There is the option of going to a private clinic, but sometimes only a state clinic can help, for example, when tuberculosis is diagnosed. It can help, but it is not obliged.

“Tuberculosis has a dangerous phase when it is communicable through airborne droplets. Patients must be hospitalized during this phase. They should stay in hospital until the tuberculosis bacterium goes away, and they are no longer a danger to others. This usually takes two or three months,” explains Kashnitsky.

If migrant workers are hospitalized due to an accident, the treatment is free, of course, but the attitude towards them will be correspondingly shabby. Last year, when a busload of migrant workers was hit by a train near Vladimir, killing seventeen people, the local hospitals treated several severely injured people.

“I asked that an injured child be sent to Moscow. Two days later, he died in our regional hospital. I remember the child. He was a year and a half old, from an Uzbek family. I said, ‘Why did you send him to our hospital? Call a helicopter and take him to Moscow: he’ll get better help there.’ I was told the decision had been made by the health department,” recounts Alla Boyarova, director of an employment agency for migrant workers. On the morning of the tragedy, her husband had rushed to help the affected immigrants.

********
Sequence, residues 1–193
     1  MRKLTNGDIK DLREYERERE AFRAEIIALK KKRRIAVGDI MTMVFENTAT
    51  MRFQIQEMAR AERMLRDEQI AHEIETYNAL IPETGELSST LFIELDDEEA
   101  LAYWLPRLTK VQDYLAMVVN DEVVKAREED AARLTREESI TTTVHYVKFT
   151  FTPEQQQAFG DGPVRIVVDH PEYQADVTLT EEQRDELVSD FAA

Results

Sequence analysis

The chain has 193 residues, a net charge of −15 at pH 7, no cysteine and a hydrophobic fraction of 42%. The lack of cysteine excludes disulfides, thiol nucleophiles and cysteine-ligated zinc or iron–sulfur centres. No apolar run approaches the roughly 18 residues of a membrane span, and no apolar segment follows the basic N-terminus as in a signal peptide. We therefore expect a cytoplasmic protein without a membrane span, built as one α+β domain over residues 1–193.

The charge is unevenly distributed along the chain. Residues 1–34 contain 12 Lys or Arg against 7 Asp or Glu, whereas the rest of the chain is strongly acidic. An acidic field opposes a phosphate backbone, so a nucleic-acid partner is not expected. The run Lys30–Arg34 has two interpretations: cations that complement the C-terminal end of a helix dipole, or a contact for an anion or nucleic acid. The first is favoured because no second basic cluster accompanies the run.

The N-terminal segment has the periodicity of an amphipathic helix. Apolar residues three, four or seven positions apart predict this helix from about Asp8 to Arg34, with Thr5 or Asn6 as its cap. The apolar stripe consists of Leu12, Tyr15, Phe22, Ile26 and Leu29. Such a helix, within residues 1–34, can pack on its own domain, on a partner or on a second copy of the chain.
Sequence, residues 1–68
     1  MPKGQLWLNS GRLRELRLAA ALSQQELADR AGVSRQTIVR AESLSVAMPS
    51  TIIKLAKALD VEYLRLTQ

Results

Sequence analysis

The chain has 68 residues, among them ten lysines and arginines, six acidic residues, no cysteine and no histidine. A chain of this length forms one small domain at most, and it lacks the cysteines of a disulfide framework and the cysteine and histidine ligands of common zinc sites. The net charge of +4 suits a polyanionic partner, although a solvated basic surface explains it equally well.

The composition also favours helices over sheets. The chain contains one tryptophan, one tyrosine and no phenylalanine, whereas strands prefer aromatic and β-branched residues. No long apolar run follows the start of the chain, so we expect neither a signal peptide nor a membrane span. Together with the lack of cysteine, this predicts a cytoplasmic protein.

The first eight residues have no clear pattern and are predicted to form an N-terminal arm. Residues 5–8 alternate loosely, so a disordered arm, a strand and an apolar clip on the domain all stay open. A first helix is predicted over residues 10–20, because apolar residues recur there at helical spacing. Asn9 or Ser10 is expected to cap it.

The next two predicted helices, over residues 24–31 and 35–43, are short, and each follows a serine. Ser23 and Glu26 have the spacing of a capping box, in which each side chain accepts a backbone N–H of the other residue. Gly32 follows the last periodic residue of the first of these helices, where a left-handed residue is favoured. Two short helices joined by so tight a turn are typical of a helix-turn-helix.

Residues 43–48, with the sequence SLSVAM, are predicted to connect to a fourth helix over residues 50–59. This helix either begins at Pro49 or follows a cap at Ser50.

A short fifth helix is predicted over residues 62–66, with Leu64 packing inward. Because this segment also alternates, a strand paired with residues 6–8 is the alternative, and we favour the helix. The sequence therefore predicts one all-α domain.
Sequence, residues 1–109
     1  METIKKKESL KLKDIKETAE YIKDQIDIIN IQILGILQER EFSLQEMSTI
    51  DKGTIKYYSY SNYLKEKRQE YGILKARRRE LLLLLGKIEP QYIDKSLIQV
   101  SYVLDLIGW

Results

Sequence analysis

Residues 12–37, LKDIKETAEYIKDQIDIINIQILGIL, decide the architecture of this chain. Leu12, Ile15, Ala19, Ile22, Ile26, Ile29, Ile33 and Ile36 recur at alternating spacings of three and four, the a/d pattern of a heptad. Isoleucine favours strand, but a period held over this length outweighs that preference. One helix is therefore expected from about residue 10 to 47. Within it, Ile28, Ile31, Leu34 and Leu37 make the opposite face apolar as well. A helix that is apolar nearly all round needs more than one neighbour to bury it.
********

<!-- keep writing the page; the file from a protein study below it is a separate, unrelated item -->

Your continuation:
Zoyir Karimov, Boyarova’s husband, is deputy chair of the Tajik diaspora in Vladimir. He recalls that the adult victims had huge problems.

“Two of them did not make full recoveries in hospital. They were not operated on and were sent back in this shape to Uzbekistan. They were told they could buy special plates, but they had no money. One broke his shoulder, the other, his leg,” says Karimov.